The Island, No Not That One *Updated*
Posted On May 5, 2020
We’re not talking about the 2005 Michael Bay clone escape film of the same name, we’re talking about a quiet little Russian flick that is pretty much the exact opposite.
Although, this The Island isn’t without a good explosion and gunfight.
Apparently I’m not the only one fleeing the uncaring arms of Hollyweird for the loving embrace of Russian cinema. My writer bro Alexandry Constantine recommended a gray and stark and incredibly moving film set in the frigid wastes of northern Cold War Russia.
America’s most visible cinematic response to the godlessness of Hollywood films has been a string of high-profile feel-good “Christian” movies about modern consoomers who learn to slow down and get born again, and thus open a new and more neutered phase of serving the powers that be with hearts filled with kindness and love and happy hands Jesus.
I’m not fan of those.
When it comes to serving God and learning to find peace, The Island takes a very different tack. This is not a film created by followers of Christ whose favorite Gospel is the Gospel of niceness. It is a cold and calculating look at how truly humble men serve God with hearts filled with doubt, and how a truly fervent love of God often means serving Him by acting like a cantankerous old dick. Our protagonist is not a nice man. But he is a good man.
That is an important distinction and one all too often lost on the shepherds of God’s flock in these latter days of the Pax Americana.
The plot begins with a young man captured by Nazis during WWII. That young man is rescued from death by monks in a nearby Orthodox monastery, and lives the rest of his life wracked by the pain and guilt of what it took for him to earn a chance at escaping the clutches of the Nazi. Thirty years later he is prematurely aged, bent by years of labor, and his face gaunt and lined by decades of life as a Christian behind the Iron Curtain.
Rather than a straight plot, the film follows our protagonist as he helps guide those around him to make choices that glorify God rather than themselves. His compassion and kindness are contrasted by the harshness with which he demands the best from those around him. He is equally harsh witha pregnant single woman seeking absolution for her impending abortion, a mother asking for a miraculous cure for her son’s withered legs, a fellow monk who wants the peace of holiness without the sacrifice, and with a young woman literally beset by demons.
The film shows him with a keen insight, with foreknowledge of distant events, and a knack for seeing through the veil that separates the living world from the one beyond. Despite his obvious holiness, he remains very far from perfect. He is withdrawn, impatient, and callous in his own way. He has his own demons to fight, and we groan when he loses and cheer when he wins.
Everything becomes black and white. The cinematography is gorgeous, and the setting minimalist. The wide panoramic shots of the northern wastes and the claustrophobic and nearly decoration free interiors of the rough stone and wooden monastery buildings help to keep the focus on the characters, where it belongs. The lack of special effects make it easy for the casual viewer to hand wave away the miracles contained within the film as “coincidence”. For the faithful, they help the miraculous events feel a lot more real – we live in a subtle age, not the age of towering pillars of flame or disembodied hands writing on a wall* – and help ground the film in the reality of our world in a way that CGI and blaring symphonic hits would only undercut. In it’s own way, it chooses to show the supernatural in a way that is fitting, given that it is set in the natural world.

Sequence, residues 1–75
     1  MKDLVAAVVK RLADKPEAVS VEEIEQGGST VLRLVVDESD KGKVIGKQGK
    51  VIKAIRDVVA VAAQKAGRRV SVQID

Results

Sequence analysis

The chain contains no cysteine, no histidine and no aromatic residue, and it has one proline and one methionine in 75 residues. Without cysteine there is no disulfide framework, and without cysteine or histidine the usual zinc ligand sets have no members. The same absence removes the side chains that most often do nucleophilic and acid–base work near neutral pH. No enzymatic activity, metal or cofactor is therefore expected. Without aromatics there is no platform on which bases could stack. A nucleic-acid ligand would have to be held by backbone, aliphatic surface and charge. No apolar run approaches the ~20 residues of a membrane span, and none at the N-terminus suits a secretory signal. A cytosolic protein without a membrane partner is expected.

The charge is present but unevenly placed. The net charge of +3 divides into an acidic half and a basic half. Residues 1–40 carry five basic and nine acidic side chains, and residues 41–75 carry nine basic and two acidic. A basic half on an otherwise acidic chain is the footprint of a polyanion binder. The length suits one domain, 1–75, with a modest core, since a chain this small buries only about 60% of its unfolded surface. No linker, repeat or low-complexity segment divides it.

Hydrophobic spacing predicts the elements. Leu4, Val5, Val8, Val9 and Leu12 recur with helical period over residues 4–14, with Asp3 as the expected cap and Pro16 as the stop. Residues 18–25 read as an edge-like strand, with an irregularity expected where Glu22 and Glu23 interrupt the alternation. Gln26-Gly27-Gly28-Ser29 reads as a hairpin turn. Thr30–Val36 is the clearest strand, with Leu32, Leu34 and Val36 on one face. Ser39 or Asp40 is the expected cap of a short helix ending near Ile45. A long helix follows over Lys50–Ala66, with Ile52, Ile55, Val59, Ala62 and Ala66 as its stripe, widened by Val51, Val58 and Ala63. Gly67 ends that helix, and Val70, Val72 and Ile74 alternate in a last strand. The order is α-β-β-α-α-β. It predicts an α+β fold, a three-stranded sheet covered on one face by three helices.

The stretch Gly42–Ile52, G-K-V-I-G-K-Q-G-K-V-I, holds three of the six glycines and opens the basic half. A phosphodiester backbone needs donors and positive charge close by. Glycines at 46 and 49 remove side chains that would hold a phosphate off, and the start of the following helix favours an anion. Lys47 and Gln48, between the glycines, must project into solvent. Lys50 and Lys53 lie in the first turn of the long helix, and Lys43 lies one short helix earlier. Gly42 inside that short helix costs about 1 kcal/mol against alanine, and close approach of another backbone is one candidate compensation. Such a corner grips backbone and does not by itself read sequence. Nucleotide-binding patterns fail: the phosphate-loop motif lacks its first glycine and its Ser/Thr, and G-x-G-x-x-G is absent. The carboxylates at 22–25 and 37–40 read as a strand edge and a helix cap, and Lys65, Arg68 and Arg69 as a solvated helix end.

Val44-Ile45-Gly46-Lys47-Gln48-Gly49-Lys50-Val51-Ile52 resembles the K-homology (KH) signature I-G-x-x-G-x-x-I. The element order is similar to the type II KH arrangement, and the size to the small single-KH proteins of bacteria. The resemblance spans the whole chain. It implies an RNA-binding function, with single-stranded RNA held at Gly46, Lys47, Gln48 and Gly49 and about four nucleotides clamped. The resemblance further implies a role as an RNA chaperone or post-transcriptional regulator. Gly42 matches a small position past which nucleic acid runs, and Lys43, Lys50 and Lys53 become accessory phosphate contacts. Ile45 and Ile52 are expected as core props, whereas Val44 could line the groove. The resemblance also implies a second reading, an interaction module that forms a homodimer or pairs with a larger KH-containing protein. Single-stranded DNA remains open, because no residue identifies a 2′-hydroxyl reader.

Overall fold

It is deep, and it is slow, and it is contemplative. The director lets things breathe and offers ample time for the viewer to ponder what he has just seen. He provides the viewer with time to wonder how well he would respond to the monk’s cranky orders, and to process that subtle holiness of his life.
I won’t recommend this movie. I’ve done the best I can to describe it to you. You should watch it – it will stick with you in ways that few films ever manage. But I cannot recommend it. Only you can decide whether you want to spend two hours face to face with the harsh reality of the darker side of serving God. We are in a fight for our souls here, and The Island invites you to a ringside seat for a two hour long bout between one man and his own demons. Should you watch it, you will find considerable wisdom in this film. And you will find that the wisdom if offers will leave your soul far more satiated that all the cleverness of a Hollywood film.
It isn’t a particularly fun film, but it is good one.
Viva Christo Rey.
*I hope. The epic ages were really hard on little guys like us.
[UPDATE: Alexander Hellene provides some additional background and insight in a recent post of his own:
As an interesting aside, lead actor Mamonov is himself a devout Orthodox Christian who, before converting in the 90s, was one of the Soviet Union’s most successful musicians, serving as the leader and guitarist of popular rock band Zvuki Mu. Though he still plays under that name, after conversion Mamonov left Moscow and retreated to the remote countryside. “To a large extent, he played himself,” Lungin said of Mamonov. An interesting case of art imitating life, although the word is out of Mamonov himself is able to perform miracles.
Go read the rest here.]